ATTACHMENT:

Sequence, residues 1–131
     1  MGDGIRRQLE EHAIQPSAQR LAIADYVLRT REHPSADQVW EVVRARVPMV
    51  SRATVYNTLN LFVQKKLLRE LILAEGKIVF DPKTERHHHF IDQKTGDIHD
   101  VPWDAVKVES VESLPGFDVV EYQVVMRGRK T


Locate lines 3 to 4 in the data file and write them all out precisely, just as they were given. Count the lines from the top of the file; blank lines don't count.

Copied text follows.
    51  SRATVYNTLN LFVQKKLLRE LILAEGKIVF DPKTERHHHF IDQKTGDIHD
   101  VPWDAVKVES VESLPGFDVV EYQVVMRGRK T